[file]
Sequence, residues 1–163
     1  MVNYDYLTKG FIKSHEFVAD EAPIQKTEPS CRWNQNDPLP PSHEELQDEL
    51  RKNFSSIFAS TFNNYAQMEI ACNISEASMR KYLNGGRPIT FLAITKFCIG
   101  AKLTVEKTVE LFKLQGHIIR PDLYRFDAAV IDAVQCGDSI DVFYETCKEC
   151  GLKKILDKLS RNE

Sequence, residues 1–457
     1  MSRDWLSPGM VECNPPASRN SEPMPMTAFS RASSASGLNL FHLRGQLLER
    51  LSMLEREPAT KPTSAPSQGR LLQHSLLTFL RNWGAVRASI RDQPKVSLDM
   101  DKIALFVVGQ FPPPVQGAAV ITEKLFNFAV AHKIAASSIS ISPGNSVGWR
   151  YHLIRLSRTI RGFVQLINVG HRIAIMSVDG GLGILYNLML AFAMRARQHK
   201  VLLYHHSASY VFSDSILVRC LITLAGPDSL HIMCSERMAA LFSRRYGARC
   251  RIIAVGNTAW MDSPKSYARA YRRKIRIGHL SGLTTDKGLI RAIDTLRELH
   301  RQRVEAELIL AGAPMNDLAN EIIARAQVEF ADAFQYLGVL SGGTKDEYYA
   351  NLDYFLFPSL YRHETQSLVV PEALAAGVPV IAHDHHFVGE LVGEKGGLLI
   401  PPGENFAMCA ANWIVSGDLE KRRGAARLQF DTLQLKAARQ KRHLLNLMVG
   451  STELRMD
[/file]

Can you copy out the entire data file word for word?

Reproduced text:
Sequence, residues 1–163
     1  MVNYDYLTKG FIKSHEFVAD EAPIQKTEPS CRWNQNDPLP PSHEELQDEL
    51  RKNFSSIFAS TFNNYAQMEI ACNISEASMR KYLNGGRPIT FLAITKFCIG
   101  AKLTVEKTVE LFKLQGHIIR PDLYRFDAAV IDAVQCGDSI DVFYETCKEC
   151  GLKKILDKLS RNE

Sequence, residues 1–457
     1  MSRDWLSPGM VECNPPASRN SEPMPMTAFS RASSASGLNL FHLRGQLLER
    51  LSMLEREPAT KPTSAPSQGR LLQHSLLTFL RNWGAVRASI RDQPKVSLDM
   101  DKIALFVVGQ FPPPVQGAAV ITEKLFNFAV AHKIAASSIS ISPGNSVGWR
   151  YHLIRLSRTI RGFVQLINVG HRIAIMSVDG GLGILYNLML AFAMRARQHK
   201  VLLYHHSASY VFSDSILVRC LITLAGPDSL HIMCSERMAA LFSRRYGARC
   251  RIIAVGNTAW MDSPKSYARA YRRKIRIGHL SGLTTDKGLI RAIDTLRELH
   301  RQRVEAELIL AGAPMNDLAN EIIARAQVEF ADAFQYLGVL SGGTKDEYYA
   351  NLDYFLFPSL YRHETQSLVV PEALAAGVPV IAHDHHFVGE LVGEKGGLLI
   401  PPGENFAMCA ANWIVSGDLE KRRGAARLQF DTLQLKAARQ KRHLLNLMVG
   451  STELRMD